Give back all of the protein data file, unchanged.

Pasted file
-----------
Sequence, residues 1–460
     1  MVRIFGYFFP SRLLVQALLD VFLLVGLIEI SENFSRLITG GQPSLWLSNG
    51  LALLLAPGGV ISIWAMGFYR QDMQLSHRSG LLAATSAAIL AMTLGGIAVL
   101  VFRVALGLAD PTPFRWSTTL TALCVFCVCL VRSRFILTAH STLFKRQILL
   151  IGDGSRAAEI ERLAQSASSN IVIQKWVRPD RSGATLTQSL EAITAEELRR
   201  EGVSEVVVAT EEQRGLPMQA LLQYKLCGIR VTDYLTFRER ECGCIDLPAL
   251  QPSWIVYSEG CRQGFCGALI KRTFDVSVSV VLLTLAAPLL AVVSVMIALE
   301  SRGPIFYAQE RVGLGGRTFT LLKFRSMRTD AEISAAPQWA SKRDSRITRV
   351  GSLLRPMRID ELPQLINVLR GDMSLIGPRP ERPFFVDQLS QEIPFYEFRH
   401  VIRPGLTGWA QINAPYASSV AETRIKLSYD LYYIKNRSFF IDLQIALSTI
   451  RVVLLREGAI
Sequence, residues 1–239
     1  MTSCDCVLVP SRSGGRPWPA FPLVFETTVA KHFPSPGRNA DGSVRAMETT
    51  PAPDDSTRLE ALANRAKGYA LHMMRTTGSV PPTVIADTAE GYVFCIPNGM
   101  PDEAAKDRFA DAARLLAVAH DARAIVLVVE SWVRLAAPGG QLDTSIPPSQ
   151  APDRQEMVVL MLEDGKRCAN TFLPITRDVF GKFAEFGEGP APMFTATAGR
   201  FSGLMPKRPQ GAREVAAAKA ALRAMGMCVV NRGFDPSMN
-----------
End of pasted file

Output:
Sequence, residues 1–460
     1  MVRIFGYFFP SRLLVQALLD VFLLVGLIEI SENFSRLITG GQPSLWLSNG
    51  LALLLAPGGV ISIWAMGFYR QDMQLSHRSG LLAATSAAIL AMTLGGIAVL
   101  VFRVALGLAD PTPFRWSTTL TALCVFCVCL VRSRFILTAH STLFKRQILL
   151  IGDGSRAAEI ERLAQSASSN IVIQKWVRPD RSGATLTQSL EAITAEELRR
   201  EGVSEVVVAT EEQRGLPMQA LLQYKLCGIR VTDYLTFRER ECGCIDLPAL
   251  QPSWIVYSEG CRQGFCGALI KRTFDVSVSV VLLTLAAPLL AVVSVMIALE
   301  SRGPIFYAQE RVGLGGRTFT LLKFRSMRTD AEISAAPQWA SKRDSRITRV
   351  GSLLRPMRID ELPQLINVLR GDMSLIGPRP ERPFFVDQLS QEIPFYEFRH
   401  VIRPGLTGWA QINAPYASSV AETRIKLSYD LYYIKNRSFF IDLQIALSTI
   451  RVVLLREGAI
Sequence, residues 1–239
     1  MTSCDCVLVP SRSGGRPWPA FPLVFETTVA KHFPSPGRNA DGSVRAMETT
    51  PAPDDSTRLE ALANRAKGYA LHMMRTTGSV PPTVIADTAE GYVFCIPNGM
   101  PDEAAKDRFA DAARLLAVAH DARAIVLVVE SWVRLAAPGG QLDTSIPPSQ
   151  APDRQEMVVL MLEDGKRCAN TFLPITRDVF GKFAEFGEGP APMFTATAGR
   201  FSGLMPKRPQ GAREVAAAKA ALRAMGMCVV NRGFDPSMN